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    BankThink

    An insider account of JPMorgan's PPP approach

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    In the early hours of Saturday, March 28, I sat on a Zoom call with my leadership team, poring through the legislation that created the initial $349 billion Paycheck Protection Program to help save small businesses from the coronavirus pandemic.

    With only days left before we would need to implement a program of unprecedented scale and importance, there were limited details for banks and significant pressure by the government to act quickly.

    Everyone had already lived what felt like a year in the previous week leading up to this March day, with several thousand employees across our company working around the clock, seven days a week to build something — without knowing what that something was.

    From the outset, two things were abundantly clear: that the initial round of PPP funding through the Small Business Administration would go quickly; and that JPMorgan Chase was about to be hit with a tidal wave from our small-business clients seeking this needed relief.

    Chase banks approximately 3 million small businesses, with large concentrations in some of the hardest-hit cities like Seattle, New Orleans, Detroit and New York.

    The obstacles were daunting. There was limited time to deploy funds, teams were working almost entirely from home, the PPP rules were constantly evolving, while we were developing infrastructure to support a program of this scale.

    But small-business owners faced even more haunting obstacles, desperate to keep their businesses open, pay their employees and feed their families. For us, failing to deliver was simply not an option.

    Under the program rules, the most efficient way to get funds to as many struggling businesses as possible was to focus on our existing clients with a business deposit account. Know-your-customer regulations require banks to understand and keep records on the essential facts of their clients — a process that can take up to several weeks to successfully complete.

    Because we had already performed this time-intensive step, we instead focused all our efforts on securing and expediently deploying these funds.

    We also had each of our businesses work separately to service their own clients, knowing it would be the fastest and most efficient way to serve as many as possible.

    Our businesses with fewer eligible clients would process applications manually. Meanwhile, Chase Business Banking, which serves millions of potentially eligible small businesses, would build from scratch the technology to collect the required information from hundreds of thousands of clients.

    The first day the PPP funding became available, on April 3, our Business Banking unit launched an online form to begin taking information from clients. In the first hour, more than 75,000 small-business owners completed the form, illustrating the great demand for help.

    All of our businesses got to work immediately on their clients. By the time the first round of PPP funding ran out, nearly twice as many Business Banking clients received loans than the rest of the firm’s businesses combined, given the digital nature of the applications.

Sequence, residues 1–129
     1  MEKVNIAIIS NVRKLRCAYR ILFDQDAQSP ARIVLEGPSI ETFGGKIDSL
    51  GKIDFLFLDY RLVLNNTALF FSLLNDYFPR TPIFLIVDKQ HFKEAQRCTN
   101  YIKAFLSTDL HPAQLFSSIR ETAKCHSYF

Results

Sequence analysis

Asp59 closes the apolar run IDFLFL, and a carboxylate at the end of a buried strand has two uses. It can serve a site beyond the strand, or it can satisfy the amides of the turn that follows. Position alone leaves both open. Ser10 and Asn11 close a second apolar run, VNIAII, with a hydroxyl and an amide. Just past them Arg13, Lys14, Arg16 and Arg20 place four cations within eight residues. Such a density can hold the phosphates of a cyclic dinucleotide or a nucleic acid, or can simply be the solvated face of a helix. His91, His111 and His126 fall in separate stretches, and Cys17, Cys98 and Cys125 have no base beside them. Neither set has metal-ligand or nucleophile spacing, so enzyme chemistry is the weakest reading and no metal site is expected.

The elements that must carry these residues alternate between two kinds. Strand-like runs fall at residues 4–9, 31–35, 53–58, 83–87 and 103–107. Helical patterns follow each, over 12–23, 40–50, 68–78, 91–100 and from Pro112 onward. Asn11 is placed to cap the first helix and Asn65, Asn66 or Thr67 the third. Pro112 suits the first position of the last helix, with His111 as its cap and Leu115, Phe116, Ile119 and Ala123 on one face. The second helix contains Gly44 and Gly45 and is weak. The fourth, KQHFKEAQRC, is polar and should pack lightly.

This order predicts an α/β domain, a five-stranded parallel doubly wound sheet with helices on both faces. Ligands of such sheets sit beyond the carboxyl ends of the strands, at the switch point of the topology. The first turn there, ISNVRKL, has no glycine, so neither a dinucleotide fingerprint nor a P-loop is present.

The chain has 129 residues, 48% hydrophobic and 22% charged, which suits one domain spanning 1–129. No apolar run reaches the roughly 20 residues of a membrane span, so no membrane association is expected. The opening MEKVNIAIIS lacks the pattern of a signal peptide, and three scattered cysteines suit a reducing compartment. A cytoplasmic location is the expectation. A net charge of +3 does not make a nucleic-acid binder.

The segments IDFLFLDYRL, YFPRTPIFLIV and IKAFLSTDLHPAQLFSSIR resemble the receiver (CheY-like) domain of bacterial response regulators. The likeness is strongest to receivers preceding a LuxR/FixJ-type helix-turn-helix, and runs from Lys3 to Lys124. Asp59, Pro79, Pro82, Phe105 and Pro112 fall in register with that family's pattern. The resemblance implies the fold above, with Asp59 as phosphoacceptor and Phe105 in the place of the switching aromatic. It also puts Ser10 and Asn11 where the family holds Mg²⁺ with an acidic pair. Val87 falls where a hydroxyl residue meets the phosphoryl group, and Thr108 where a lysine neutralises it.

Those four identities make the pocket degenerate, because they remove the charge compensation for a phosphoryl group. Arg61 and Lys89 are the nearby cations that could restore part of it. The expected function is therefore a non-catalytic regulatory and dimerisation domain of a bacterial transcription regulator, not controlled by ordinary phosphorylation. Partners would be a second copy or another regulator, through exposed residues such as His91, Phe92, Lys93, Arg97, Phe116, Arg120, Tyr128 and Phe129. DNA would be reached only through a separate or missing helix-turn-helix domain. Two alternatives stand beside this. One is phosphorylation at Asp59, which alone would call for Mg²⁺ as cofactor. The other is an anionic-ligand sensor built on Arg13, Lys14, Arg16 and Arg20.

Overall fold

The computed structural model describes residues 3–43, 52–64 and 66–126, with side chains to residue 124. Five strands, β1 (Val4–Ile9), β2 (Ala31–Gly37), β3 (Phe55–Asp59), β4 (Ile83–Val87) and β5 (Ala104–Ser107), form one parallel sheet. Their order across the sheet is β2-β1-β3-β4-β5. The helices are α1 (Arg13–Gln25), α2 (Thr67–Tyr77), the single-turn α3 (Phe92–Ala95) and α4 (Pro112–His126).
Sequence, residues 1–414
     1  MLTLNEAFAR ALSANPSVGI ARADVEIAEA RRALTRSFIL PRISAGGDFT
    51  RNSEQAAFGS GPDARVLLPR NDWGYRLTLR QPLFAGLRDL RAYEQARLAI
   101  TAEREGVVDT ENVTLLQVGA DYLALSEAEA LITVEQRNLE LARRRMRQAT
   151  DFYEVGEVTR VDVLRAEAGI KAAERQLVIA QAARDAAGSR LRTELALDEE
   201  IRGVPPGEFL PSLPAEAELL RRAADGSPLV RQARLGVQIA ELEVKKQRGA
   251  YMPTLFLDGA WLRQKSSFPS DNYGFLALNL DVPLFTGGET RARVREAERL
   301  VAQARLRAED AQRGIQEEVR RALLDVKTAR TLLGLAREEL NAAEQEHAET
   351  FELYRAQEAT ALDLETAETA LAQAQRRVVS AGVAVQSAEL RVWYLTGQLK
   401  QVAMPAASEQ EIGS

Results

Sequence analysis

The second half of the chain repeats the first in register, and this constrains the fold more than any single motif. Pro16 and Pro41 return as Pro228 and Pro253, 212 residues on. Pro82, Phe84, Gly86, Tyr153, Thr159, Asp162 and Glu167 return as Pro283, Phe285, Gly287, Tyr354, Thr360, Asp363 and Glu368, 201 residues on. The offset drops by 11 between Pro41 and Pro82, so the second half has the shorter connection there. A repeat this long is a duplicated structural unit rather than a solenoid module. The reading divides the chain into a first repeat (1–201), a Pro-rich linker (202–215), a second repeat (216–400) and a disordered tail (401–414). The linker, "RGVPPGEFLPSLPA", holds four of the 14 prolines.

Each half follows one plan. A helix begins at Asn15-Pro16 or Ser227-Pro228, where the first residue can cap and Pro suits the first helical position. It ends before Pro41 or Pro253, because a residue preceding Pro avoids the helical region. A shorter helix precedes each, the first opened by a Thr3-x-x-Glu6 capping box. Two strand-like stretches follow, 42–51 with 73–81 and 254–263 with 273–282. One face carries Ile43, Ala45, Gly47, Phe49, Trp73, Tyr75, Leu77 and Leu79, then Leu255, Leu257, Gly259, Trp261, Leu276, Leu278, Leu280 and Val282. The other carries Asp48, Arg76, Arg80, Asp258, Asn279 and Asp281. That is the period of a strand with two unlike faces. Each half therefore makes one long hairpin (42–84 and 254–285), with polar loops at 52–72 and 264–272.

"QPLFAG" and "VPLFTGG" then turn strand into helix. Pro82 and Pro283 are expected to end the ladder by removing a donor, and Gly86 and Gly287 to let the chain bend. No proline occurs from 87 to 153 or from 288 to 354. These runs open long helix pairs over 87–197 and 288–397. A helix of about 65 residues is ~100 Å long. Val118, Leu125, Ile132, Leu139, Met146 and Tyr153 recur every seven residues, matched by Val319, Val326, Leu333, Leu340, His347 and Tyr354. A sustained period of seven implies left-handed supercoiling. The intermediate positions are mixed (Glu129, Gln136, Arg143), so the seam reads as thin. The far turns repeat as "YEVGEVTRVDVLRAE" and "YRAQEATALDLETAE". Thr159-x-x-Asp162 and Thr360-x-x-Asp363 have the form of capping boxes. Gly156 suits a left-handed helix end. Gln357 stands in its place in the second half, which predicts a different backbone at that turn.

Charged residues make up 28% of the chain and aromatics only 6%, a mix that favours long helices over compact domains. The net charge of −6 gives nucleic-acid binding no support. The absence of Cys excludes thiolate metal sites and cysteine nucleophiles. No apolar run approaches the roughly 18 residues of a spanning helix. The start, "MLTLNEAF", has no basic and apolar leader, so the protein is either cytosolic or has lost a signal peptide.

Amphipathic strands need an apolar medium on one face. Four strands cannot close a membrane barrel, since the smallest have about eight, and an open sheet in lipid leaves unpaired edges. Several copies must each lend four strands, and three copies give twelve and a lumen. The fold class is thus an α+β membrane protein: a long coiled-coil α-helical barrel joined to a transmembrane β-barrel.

While much has been written deriding these efforts, I will constrain myself to the facts. The fact is, the program worked.

    The government stood up, in record time, a program that supported paychecks at more than 4.3 million eligible businesses across the country. Indeed, more than $100 billion of the $310 billion authorized for the program by the latest stimulus bill remains to be spent for those who are eligible.

    Our strategic decision to use a combination of digital plus human capacity allowed us to fund more than $30 billion to roughly 250,000 small businesses as of May 8 — more than any other participating lender. Chase’s average loan size is around $122,000 and about half of these loans went to businesses with less than five employees.

    Chase funded the vast majority of clients’ accounts within 24 hours of loan approval, because all client information was collected prior to submitting loan applications to the SBA. This important step allowed clients to more quickly receive their much-needed funds to pay their employees and remain solvent.

    Despite criticisms about the PPP’s rocky start, the Treasury Department and Congress deserve credit for both the rapid deployment of the program, and the evolving guidance to help clarify the rules around eligibility that banks must follow. The tightening of eligibility to focus on the businesses that truly need it is a welcome step and completely understandable as the SBA and Treasury learned through the experience of the first round.

    The SBA team — also working from home around the clock —should be applauded for their work. In partnership with many banks, they developed new technology, APIs and batch approval processes that will undoubtedly help them more efficiently serve small businesses into the future.

    In less than two months, they’ve done two decades’ worth of their normal dollar volume of loans (or 75 years’ worth of loan applications) — a herculean task, only made possible through a great partnership with banks.

    There is still significant work to be done as the PPP enters its next phase, as questions about loan forgiveness and program extensions are worked through. The uncertain duration of the pandemic will undoubtedly continue to stress small businesses.

    The government must continue to focus on supporting these businesses, and banks of all sizes will continue to play a role in the recovery.

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